When planting seedlings, superphosphate (20 kg of phosphorus) and nitrogen fertilizers (15-20 kg of nitrogen) are applied simultaneously with irrigation water. The remaining amount of mineral fertilizers is used as top dressing.
Autumn tillage for strong tobacco includes:
- two peelings (after grain crops) with disc tools to a depth of 6-8 cm and 10-12 cm;
- early deep plowing by 25-30 cm (Vavilov; according to other recommendations 20-22 cm, Kolomeichenko).
In the spring, plowing is harrowed and 1-2 cultivations are carried out, followed by harrowing and leveling the soil surface.
Strong tobacco can be grown in two ways: seedlings (seedlings) and sowing seeds in the field (seeding).
The seedling method is important for the northern regions of cultivation. This method is associated with an increase in the cost of growing seedlings and planting them. However, low-lying areas flooded with hollow water and insufficiently structured soils can be occupied under it.
Elevated areas with light structural soils are best suited for seedlings.
Growing seedlings (saplings)
Strong tobacco seedlings are grown in greenhouses or on soil ridges.
The seeding rate in greenhouses is 1.5-2 g/m2, on warm beds – 2-2.5 g/m2, on cold beds – 2.5-3 g/m2.
Before sowing, the seeds are subjected to dressing in a weak solution of formalin and germinated at a temperature of 25-28 °C for 3-4 days. Before sowing, the seeds are mixed with clean sand in a ratio of 1:40.
For planting 1 hectare of shag, depending on the varietal characteristics, there are 30-45 m2 of greenhouses or 45-60 m2 of warm ridges.
Seedling care involves maintaining the optimum temperature (18-20 °C), thinning plants, 2-3 feedings, watering and hardening.
Seedlings ready for planting should have 5-6 true leaves and a height of 8-12 cm. Growing seedlings in greenhouses usually takes 30-35 days, in ridges – 40-45 days.
Planting seedlings of strong tobacco is recommended to be carried out in the early stages, after spring frosts, when the topsoil warms up to 10 °C. For the south of Ukraine, landing begins in late April – early May, in the Central Black Earth zone of Russia – in the second decade of May, in the north of the Non-Chernozem zone and in Siberia – in the third decade of May – early June.
Planting of seedlings is carried out manually or with the help of transplanters with a row spacing of 50-60 cm and a distance between plants of 20-30 cm.
For large-leaved varieties of shag, the plant density is recommended to be 60-70 thousand/ha, medium-leaved – 70-80 thousand/ha, small-leaved – 80-90 thousand/ha.
A square-nest method of placing plants according to the 50 × 50 cm scheme can be used, while two plants are planted in a nest.
They start sowing strong tobacco at an early date, simultaneously with the sowing of early grain crops.
For sowing, a mixture of germinated and dry seeds is used in equal amounts. Germinated seeds germinate 6-7 days after sowing, dry seeds – after 15-18 days. This approach allows you to get good seedlings if early shoots from germinated seeds have suffered from frost.
The method of sowing shag is wide-row with row spacing of 50-60 cm. For sowing, special or grain seeders with depth limiters can be used. The seeding rate is 2-3 kg/ha. Seeding depth no more than 1 cm.
Before the emergence of seedlings during the formation of the soil crust, its destruction is carried out with the help of rotary hoes.
The first loosening of row spacing is done at the beginning of emergence to a depth of 5-6 cm. The second loosening is carried out 8-10 days after the first to a depth of 6-8 cm.
Bouquet of crops begins in the phase of two true leaves. With a wide-row sowing method with row spacing of 60 cm, the width of the cutout is 20 cm, and the length of the bouquet is 10 cm, the distance between the centers of the bouquets should be 30 cm. After 2-3 days, the bouquets are thinned, leaving 3-5 well-developed plants in them.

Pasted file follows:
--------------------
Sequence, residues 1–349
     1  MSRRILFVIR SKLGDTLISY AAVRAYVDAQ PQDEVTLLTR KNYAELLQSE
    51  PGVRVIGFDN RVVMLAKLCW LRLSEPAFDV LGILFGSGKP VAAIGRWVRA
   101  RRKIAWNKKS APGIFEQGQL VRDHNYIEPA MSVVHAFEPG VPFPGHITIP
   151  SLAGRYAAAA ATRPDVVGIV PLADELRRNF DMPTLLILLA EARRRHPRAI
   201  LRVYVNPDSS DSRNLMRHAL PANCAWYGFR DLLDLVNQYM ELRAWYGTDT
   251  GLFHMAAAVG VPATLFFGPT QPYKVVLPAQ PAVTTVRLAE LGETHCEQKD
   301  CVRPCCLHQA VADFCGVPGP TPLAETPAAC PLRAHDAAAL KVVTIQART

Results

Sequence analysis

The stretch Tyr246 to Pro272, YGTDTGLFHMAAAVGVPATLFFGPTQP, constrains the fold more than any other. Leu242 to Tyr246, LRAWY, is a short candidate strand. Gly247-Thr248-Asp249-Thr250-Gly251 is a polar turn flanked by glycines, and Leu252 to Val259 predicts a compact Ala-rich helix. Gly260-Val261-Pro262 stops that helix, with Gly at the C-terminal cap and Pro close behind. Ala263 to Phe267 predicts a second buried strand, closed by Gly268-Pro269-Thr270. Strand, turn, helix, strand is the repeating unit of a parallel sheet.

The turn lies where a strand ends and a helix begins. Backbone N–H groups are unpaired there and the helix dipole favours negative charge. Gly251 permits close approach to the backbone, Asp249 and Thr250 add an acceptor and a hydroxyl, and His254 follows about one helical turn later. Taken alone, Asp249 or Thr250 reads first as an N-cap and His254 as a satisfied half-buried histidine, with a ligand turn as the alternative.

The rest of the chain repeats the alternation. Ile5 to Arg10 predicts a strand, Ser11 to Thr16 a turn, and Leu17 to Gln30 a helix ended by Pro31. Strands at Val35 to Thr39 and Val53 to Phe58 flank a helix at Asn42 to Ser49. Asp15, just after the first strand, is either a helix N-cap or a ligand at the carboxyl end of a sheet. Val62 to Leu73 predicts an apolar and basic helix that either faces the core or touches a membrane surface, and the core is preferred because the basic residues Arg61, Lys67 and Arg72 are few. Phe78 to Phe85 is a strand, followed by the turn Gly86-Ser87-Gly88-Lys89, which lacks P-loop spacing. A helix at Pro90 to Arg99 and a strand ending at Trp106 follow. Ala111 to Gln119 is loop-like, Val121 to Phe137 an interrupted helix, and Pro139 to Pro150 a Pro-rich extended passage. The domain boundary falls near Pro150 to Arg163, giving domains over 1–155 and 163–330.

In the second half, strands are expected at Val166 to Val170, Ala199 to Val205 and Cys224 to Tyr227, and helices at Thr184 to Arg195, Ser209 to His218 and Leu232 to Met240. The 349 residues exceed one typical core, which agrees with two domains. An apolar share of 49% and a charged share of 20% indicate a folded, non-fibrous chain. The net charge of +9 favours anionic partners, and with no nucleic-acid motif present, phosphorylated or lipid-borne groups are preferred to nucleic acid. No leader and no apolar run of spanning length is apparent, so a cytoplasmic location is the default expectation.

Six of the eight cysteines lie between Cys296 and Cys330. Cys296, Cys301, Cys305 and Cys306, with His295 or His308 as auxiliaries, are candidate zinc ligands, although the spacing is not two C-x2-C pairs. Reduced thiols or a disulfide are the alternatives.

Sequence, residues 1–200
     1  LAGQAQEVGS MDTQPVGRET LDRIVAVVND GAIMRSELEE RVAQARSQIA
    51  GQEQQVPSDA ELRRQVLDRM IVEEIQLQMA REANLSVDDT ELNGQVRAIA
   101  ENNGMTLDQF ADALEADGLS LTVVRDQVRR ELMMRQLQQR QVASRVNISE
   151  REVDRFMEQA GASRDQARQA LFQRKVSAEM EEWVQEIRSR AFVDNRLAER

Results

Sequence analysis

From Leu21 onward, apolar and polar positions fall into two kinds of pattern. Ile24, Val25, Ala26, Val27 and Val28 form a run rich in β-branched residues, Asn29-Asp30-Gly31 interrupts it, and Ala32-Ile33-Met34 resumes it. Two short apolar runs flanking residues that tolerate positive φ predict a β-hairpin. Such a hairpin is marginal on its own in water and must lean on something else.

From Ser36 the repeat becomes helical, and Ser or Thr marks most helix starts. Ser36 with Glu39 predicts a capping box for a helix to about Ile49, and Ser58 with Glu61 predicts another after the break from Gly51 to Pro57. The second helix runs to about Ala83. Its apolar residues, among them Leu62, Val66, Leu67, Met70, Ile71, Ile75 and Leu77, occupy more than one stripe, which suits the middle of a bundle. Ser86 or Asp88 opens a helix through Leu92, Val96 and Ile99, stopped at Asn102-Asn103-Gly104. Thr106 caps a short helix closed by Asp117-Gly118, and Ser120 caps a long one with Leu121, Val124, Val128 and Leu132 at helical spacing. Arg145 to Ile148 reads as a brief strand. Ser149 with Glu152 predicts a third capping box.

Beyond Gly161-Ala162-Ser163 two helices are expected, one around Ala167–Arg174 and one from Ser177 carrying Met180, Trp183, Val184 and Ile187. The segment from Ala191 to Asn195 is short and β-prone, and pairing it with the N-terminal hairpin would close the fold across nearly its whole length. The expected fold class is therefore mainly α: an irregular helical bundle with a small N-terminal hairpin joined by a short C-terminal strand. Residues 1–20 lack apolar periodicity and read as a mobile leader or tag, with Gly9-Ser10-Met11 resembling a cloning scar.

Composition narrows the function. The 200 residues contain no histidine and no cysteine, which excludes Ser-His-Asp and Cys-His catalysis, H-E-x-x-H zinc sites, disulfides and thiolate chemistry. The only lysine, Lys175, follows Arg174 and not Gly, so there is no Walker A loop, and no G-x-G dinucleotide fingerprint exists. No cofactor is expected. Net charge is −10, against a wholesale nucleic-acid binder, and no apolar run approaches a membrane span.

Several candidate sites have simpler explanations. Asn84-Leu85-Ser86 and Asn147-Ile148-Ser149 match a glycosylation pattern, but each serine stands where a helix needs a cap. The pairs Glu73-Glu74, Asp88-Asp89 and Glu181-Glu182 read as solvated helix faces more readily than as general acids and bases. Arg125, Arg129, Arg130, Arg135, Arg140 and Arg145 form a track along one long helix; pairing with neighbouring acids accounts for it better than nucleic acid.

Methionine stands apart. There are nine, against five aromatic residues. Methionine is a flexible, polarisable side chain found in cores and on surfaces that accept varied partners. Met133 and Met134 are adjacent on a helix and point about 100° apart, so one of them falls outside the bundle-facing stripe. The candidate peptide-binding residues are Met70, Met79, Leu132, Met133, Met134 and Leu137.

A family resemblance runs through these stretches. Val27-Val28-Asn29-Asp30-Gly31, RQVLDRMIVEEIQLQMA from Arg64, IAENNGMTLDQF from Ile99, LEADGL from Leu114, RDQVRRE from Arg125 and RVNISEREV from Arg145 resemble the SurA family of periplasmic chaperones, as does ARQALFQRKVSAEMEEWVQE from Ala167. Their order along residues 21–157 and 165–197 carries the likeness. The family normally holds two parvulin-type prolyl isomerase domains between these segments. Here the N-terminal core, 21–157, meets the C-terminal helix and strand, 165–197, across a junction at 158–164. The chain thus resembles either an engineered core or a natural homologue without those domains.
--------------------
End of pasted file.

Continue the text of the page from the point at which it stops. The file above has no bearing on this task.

The final breakthrough is done 10-12 days after bouquet, when the plants have 5-6 leaves. With a wide-row sowing method, one plant is left in each bouquet, with a square-nested method – two of the best. Simultaneously with thinning, the first top dressing is carried out.
The recommended planting density of shag seedlings is the same as seedlings: 60-70 thousand plants per ha for large-leaved varieties, 80-90 thousand/ha for small-leaved varieties.
After thinning, 2-3 loosening of row spacings and top dressing are performed.
Before the first or second inter-row treatment, the seedlings and seedlings are cleaned, that is, the removal of 2-3 lower leaves.
During budding, topping is done, that is, the removal of inflorescences, and when lateral shoots grow by 5-7 cm, pinching.
Harvesting and drying
Harvesting of shag is carried out in one step with whole plants at the onset of technical ripeness, which is characterized by brittle leaves and their sagging. At the same time, mature leaves emit a strong peculiar smell. Delay in harvesting shag can lead to damage to plants by autumn frosts.
To speed up the drying of ripe shag, its stems are cut from top to bottom (plastered) 3-4 days before harvesting, leaving the lower part of the stem 5-6 cm long intact so that the plants do not die. The layering method allows to reduce drying by 10-12 days and reduce the loss of dry matter.
The shag is harvested by hand in dry, sunny weather. For this, the plants are cut down at the root, leaving not even small stumps. Cut down plants are left in the field for drying. Drying is completed when the leaves become soft and will not break when bent.
From the field, shag is transported to drying rooms, where it is subjected to languishing at a temperature of 30-40 ºС for 20-24 hours. The width of the stack is made equal to the length of two plants, the height is 50-70 cm. After languishing, the shag is dried for 25-30 days in well-ventilated rooms. Drying is considered complete when a moisture content of 35% is reached.
Crop production / P.P. Vavilov, V.V. Gritsenko, V.S. Kuznetsov and others; Ed. P.P. Vavilov. – 5th ed., revised. and additional – M.: Agropromizdat, 1986. – 512 p.: ill. – (Textbook and textbooks for higher educational institutions).
V.V. Kolomeichenko. Crop production / Textbook. — M.: Agrobusinesscenter, 2007. — 600 p. ISBN 978-5-902792-11-6.